NeuN and GAD65/67 immunopositive cell density was significantly increased in the superficial white matter in schizophrenia. Gray matter DLX1 and GAD67 mRNA expression were reduced in schizophrenia. DLX1 mRNA levels were negatively correlated with GAD65/67 IWMN density.
Our study provides evidence that pathology of IWMNs in schizophrenia includes GABAergic interneurons and that increased IWMN density may be related to GABAergic deficits in the overlying gray matter. These findings provide evidence at the cellular level that the OFC is a site of pathology in schizophrenia and support the hypothesis that inappropriate migration of cortical inhibitory interneurons occurs in schizophrenia.
SCZ Keywordsschizophrenia
6Transl Psychiatry 2015 -1 5: e679
TitleDeciphering H3K4me3 broad domains associated with gene-regulatory networks and conserved epigenomic landscapes in the human brain.
AbstractRegulators of the histone H3-trimethyl lysine-4 (H3K4me3) mark are significantly associated with the genetic risk architecture of common neurodevelopmental disease, including schizophrenia and autism. Typical H3K4me3 is primarily localized in the form of sharp peaks, extending in neuronal chromatin on average only across 500-1500 base pairs mostly in close proximity to annotated transcription start sites. Here, through integrative computational analysis of epigenomic and transcriptomic data based on next-generation sequencing, we investigated H3K4me3 landscapes of sorted neuronal and non-neuronal nuclei in human postmortem, non-human primate and mouse prefrontal cortex (PFC), and blood. To explore whether H3K4me3 peak signals could also extend across much broader domains, we examined broadest domain cell-type-specific H3K4me3 peaks in an unbiased manner with an innovative approach on 41+12 ChIP-seq and RNA-seq data sets. In PFC neurons, broadest H3K4me3 distribution ranged from 3.9 to 12?kb, with extremely broad peaks (~10?kb or broader) related to synaptic function and GABAergic signaling (DLX1, ELFN1, GAD1, IGSF9B and LINC00966). Broadest neuronal peaks showed distinct motif signatures and were centrally positioned in prefrontal gene-regulatory Bayesian networks and sensitive to defective neurodevelopment. Approximately 120 of the broadest H3K4me3 peaks in human PFC neurons, including many genes related to glutamatergic and dopaminergic signaling, were fully conserved in chimpanzee, macaque and mouse cortical neurons. Exploration of spread and breadth of lysine methylation markings could provide novel insights into epigenetic mechanism involved in neuropsychiatric disease and neuronal genome evolution.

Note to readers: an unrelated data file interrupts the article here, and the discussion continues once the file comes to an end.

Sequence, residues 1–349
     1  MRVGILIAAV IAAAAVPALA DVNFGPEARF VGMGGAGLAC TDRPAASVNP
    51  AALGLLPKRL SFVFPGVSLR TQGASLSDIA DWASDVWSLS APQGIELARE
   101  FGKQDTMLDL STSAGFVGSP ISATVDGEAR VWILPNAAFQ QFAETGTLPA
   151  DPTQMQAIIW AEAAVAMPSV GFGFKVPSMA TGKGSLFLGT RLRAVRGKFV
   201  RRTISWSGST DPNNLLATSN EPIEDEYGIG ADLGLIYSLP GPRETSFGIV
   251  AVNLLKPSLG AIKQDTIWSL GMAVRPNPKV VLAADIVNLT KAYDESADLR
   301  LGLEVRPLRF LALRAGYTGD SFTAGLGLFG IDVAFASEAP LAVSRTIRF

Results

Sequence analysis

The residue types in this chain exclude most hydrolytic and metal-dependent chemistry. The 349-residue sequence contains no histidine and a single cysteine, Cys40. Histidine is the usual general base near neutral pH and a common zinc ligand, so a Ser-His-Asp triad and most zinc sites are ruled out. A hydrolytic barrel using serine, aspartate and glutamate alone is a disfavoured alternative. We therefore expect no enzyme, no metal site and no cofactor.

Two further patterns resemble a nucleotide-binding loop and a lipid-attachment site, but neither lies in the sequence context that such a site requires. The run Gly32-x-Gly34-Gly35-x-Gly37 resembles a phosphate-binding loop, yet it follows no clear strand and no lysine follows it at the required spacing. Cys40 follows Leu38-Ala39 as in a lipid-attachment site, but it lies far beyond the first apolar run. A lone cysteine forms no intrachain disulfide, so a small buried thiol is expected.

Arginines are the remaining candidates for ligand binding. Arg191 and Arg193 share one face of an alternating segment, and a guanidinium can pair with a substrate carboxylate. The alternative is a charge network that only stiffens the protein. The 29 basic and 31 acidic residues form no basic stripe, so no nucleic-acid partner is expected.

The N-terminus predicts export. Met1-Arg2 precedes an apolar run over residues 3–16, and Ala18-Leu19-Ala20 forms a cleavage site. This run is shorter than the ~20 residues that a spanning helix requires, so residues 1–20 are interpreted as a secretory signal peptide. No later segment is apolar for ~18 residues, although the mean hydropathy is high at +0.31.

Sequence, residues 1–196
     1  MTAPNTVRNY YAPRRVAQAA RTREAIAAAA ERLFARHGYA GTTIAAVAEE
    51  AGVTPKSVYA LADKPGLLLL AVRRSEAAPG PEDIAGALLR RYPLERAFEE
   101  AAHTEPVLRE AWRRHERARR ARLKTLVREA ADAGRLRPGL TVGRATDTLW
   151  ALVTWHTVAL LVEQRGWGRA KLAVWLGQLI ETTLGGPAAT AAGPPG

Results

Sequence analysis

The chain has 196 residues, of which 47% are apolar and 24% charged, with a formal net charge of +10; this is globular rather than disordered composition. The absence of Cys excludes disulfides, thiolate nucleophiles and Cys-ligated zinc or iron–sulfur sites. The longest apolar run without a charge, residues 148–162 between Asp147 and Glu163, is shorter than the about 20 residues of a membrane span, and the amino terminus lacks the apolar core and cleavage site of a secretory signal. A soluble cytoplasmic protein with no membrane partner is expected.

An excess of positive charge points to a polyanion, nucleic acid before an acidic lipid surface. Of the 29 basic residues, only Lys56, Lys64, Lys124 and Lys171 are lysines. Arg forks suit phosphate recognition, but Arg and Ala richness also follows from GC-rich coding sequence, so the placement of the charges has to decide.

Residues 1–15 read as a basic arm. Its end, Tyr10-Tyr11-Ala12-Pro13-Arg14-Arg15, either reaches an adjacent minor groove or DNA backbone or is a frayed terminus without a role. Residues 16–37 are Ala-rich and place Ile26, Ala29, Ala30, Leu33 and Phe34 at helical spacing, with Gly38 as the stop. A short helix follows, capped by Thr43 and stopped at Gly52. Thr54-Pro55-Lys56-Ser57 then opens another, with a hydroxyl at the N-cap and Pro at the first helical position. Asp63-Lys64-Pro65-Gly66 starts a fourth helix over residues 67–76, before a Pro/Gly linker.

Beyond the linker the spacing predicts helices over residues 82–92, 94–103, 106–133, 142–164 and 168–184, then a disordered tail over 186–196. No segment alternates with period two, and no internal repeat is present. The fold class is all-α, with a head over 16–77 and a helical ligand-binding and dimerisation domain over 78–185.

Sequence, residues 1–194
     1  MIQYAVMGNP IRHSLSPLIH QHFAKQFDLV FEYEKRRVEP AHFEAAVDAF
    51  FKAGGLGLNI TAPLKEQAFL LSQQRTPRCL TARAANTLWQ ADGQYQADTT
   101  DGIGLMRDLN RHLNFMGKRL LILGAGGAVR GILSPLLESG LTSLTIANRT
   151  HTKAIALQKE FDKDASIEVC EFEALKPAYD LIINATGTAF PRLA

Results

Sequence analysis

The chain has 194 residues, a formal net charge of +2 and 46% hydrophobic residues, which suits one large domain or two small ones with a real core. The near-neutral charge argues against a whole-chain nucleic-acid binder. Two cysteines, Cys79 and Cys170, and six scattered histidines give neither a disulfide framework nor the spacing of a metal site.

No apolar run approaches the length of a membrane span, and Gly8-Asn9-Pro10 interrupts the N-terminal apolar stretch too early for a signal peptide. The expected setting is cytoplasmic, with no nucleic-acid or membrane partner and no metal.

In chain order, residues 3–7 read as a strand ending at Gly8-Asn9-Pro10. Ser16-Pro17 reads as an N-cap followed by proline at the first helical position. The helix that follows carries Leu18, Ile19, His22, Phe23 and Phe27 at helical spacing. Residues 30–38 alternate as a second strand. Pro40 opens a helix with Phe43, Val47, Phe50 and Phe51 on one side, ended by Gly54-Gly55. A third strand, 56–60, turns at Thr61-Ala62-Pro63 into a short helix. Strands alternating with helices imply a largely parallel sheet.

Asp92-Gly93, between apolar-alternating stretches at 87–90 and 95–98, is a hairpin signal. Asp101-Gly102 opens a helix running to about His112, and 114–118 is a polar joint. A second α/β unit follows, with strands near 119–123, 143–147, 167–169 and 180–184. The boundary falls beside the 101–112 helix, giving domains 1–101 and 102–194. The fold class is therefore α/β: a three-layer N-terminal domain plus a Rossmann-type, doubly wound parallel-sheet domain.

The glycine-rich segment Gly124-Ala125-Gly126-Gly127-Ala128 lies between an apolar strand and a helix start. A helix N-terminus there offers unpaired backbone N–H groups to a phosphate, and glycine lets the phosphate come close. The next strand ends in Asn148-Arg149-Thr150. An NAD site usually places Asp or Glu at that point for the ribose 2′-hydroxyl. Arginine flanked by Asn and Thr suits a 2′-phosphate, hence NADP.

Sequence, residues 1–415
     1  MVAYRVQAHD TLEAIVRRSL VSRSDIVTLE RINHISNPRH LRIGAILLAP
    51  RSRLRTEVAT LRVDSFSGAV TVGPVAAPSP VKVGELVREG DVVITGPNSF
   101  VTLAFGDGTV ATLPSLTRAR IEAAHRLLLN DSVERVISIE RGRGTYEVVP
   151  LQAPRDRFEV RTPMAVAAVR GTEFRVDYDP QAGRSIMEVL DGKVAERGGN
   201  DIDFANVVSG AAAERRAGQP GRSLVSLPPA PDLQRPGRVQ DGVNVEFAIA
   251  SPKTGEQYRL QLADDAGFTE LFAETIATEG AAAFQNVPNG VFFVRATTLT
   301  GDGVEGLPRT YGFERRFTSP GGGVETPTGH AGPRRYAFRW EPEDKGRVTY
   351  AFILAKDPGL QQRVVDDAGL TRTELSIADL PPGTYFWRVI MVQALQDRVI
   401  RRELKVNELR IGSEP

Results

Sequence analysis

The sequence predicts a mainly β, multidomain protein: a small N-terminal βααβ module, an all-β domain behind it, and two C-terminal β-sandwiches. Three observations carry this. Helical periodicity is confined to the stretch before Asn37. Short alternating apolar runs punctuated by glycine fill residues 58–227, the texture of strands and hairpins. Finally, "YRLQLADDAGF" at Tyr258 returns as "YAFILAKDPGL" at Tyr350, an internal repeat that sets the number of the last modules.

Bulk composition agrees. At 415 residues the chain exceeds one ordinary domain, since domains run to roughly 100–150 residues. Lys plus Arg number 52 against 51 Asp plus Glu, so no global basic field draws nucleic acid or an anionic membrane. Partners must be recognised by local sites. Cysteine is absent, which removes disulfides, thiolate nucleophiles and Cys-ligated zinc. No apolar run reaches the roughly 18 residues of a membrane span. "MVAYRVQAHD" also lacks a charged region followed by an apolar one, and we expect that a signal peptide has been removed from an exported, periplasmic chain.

SCZ Keywordsschizophrenia
7Schizophr. Res. 2016 Mar -1: -1
TitleAltered expression of developmental regulators of parvalbumin and somatostatin neurons in the prefrontal cortex in schizophrenia.
AbstractDysfunction of prefrontal cortex (PFC) inhibitory neurons that express the calcium-binding protein parvalbumin or the neuropeptide somatostatin in schizophrenia may be related to disturbances in the migration, phenotypic specification, and/or maturation of these neurons. These pre- and postnatal developmental stages are regulated in a cell type-specific manner by various transcription factors and co-activators, fibroblast growth factor receptors (FgfR), and other molecular markers. Consequently, we used quantitative PCR to quantify mRNA levels for these developmental regulators in the PFC of 62 schizophrenia subjects in whom parvalbumin and somatostatin neuron disturbances were previously reported, and in antipsychotic-exposed monkeys. Relative to unaffected comparison subjects, subjects with schizophrenia exhibited elevated mRNA levels for 1) the transcription factor MafB, which is expressed by parvalbumin and somatostatin neurons as they migrate from the medial ganglionic eminence to the cortex, 2) the transcriptional coactivator PGC-1?, which is expressed postnatally by parvalbumin neurons to maintain parvalbumin levels and inhibitory function, and 3) FgfR1, which is required for the migration and phenotypic specification of parvalbumin and somatostatin neurons. Elevations in these markers were most prominent in younger schizophrenia subjects and were not present in antipsychotic-exposed monkeys. Finally, expression levels of other important developmental regulators (i.e. DLX1, Dlx5, Dlx6, SATB1, Sip1/Zeb2, ST8SIA4, cMaf, Nkx6.2, and Arx) were not altered in schizophrenia. The over-expression of a subset of molecular markers with distinct roles in the pre- and postnatal development of parvalbumin and somatostatin neurons might reflect compensatory mechanisms to sustain the development of these neurons in the face of other insults.
SCZ Keywordsschizophrenia